I clearly feel a need to make up for all those cooking years of not making biscuits. When I was younger I had a much sweeter tooth than I do now and was very into making fancy desserts. I’ve never been a big cake maker, other than for birthdays or dessert-type cakes like Torta Caprese, but I did make them sometimes. But biscuits … well, I just never really got into making them at all.
Now, however, after the Chocolate Orange Biscuits I made at the weekend being met with such enthusiasm and delight by my family, I looked again at Delia Smith’s Book of Cakes. I had looked at the biscuit section a few weeks’ ago, thinking that biscuits are easy to make and perhaps a good thing to try with the little grandsons who are into cooking. And I remembered seeing some oat cookies that looked good. So, still on a bit of a high after my son saying the biscuits at the weekend were ‘spectacular’ and he’d never buy a packet of biscuits again, I couldn’t resist another biscuit bake. Would this one meet with such excited pleasure? Only an hour or so in the kitchen would tell.
I pretty much followed Delia’s recipe, but I did – again – dramatically cut the sugar quantity. This was a bit of a leap in the dark, doing this the very first time I tried the recipe. Having spent a now quite long lifetime believing one should never tamper with baking recipes, I seem to be doing it all the time. There was the huge cut of sugar in Ottolenghi’s glorious Hazelnut, Peach & Raspberry Cake, the big cut in the biscuits at the weekend, and with these oat cookies, I cut the sugar from 175g to 125g. Then I hoped big time that it would work okay. It did! The other changes were that I used light soft brown sugar because I didn’t have dark; neither did I have wholemeal flour so used my standard Sharpham Park organic spelt flour; and I didn’t add a small amount of salt as I used salted butter.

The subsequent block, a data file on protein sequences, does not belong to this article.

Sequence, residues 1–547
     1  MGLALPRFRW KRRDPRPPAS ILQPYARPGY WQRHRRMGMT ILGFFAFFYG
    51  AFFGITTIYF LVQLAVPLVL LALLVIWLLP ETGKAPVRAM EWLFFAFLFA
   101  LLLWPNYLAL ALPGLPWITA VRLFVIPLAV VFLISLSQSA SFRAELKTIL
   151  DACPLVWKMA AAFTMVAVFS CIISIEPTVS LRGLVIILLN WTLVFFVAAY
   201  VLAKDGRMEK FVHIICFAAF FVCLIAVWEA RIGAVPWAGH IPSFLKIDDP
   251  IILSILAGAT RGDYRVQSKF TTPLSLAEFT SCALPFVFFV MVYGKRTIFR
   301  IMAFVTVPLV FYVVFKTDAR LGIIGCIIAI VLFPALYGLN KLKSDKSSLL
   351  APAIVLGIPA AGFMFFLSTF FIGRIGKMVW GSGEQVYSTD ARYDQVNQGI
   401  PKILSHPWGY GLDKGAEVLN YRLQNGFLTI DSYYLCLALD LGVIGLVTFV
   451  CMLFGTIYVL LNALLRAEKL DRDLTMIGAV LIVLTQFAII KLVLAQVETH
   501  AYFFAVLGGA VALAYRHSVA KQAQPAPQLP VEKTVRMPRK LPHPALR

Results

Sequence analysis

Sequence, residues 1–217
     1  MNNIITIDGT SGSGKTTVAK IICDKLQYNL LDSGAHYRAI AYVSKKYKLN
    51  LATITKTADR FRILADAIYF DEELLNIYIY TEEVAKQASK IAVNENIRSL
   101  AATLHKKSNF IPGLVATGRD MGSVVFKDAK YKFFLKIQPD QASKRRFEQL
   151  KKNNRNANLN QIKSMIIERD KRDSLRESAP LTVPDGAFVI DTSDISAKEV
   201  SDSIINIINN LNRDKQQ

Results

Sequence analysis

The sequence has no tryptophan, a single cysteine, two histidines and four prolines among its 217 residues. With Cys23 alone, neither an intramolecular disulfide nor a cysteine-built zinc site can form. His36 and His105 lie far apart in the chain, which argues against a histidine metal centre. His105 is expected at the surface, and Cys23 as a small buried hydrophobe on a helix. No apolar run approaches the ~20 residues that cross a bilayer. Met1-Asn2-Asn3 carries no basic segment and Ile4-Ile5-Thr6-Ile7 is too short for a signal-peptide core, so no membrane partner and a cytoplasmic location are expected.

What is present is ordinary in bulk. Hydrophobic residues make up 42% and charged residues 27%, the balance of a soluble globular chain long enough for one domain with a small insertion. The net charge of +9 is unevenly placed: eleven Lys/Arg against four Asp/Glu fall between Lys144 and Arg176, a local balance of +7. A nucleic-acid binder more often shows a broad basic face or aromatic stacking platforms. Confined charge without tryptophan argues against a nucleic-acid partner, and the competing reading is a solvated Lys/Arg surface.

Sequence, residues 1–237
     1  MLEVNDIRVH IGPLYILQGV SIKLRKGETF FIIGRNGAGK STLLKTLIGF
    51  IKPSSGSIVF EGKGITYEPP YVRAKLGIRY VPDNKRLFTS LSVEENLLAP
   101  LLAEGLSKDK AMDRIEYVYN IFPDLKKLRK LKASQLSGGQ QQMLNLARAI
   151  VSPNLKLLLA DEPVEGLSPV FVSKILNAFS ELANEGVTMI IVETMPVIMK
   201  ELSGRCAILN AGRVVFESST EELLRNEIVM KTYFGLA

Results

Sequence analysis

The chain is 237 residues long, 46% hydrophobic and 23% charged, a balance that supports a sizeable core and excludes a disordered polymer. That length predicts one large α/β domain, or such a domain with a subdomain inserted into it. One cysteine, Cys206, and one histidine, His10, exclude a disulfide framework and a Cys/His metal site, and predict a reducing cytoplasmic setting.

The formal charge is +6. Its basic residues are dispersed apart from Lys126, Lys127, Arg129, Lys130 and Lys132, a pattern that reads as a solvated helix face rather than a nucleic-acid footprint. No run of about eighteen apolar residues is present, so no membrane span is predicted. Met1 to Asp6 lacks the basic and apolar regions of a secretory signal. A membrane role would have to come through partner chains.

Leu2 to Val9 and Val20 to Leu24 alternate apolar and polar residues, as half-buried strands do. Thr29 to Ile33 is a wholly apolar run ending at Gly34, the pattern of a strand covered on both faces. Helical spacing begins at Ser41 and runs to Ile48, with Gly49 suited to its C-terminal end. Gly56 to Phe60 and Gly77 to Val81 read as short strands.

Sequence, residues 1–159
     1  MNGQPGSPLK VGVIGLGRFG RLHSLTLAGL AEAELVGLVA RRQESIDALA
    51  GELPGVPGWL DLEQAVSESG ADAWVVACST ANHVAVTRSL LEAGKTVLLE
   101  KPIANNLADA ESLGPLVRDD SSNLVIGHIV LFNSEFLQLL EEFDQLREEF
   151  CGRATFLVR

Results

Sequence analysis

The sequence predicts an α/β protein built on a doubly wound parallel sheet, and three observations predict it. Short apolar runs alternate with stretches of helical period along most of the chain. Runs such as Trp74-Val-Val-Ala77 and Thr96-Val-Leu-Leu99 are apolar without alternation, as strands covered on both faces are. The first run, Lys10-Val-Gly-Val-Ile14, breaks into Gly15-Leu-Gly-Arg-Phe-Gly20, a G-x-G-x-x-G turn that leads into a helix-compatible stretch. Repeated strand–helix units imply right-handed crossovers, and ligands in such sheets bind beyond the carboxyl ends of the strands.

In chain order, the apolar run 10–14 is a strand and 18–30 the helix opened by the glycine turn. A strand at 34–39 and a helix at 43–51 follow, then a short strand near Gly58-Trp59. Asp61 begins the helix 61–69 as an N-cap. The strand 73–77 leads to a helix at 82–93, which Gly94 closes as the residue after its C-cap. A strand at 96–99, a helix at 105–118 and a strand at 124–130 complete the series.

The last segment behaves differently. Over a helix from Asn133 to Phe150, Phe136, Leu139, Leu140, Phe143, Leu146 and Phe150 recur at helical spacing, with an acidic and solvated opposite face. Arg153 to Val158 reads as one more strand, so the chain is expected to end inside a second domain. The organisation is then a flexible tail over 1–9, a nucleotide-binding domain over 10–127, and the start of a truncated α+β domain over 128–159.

Oat & Raisin Cookies – Makes 24
- 75g butter, melted and left to cool before using
- 1 large egg
- 125g light soft brown sugar
- 200g medium oatmeal
- 110g flour (see note above)
- ½ teaspoon bicarbonate of soda
- 150g raisins
Line two baking sheets with parchment paper.
Preheat the oven to 180C/Fan 160/Gas 4
Break the egg into the cooled melted butter and whisk together.
Put the rest of the ingredients in a large bowl and mix together so that everything is distributed evenly before you add the liquid.
Add the butter and egg mixture and combine into a stiff dough. I used a wooden spoon to start and finished mixing with my hands.
Next I decided to get a bit mathematical rather than just follow Delia’s instructions to make balls of dough ‘about the size of a walnut’. I weighed the dough and used the calculator on my phone to divide by 24. Then I weighed out little balls to that weight. I rolled them till smooth, put them on the lined baking sheet – and then did follow her instructions to press them down a little to flatten slightly. I also baked them in two batches as she suggests as you need to have a good gap between each dough ball as they’ll spread a little while cooking.
They went into the preheated oven for 18 minutes – or until nicely golden brown and reasonably firm in the middle when gently touched. Leave to cool on the baking tray before transferring to a cooling rack to get quite cold.
They came out of the oven not long before I set off to pick up grandson Freddie (6¾) from school. He was excited by the sight of them when we got back and they smelled wonderful too. He sat down with one and a drink; I had one with a cup of tea. We were both seriously impressed! They were delicious and slightly chewy inside a crunchy casing, just as cookies should be. And were they sweet enough? Definitely. I really don’t think I would want them sweeter.
Did Freddie think they were as good as the chocolate ones? I asked. Or better? Or the same? The same, he said. Do you think Daddy will like them? Yes!
Well Daddy, aka my son Jonathan, loved them. And he agreed they were as good as the chocolate ones at the weekend.
I’m really excited to have finally discovered how quick and easy biscuits and cookies are to make. And how much nicer to make ones with less sugar and good organic ingredients for the family rather than buying biscuits.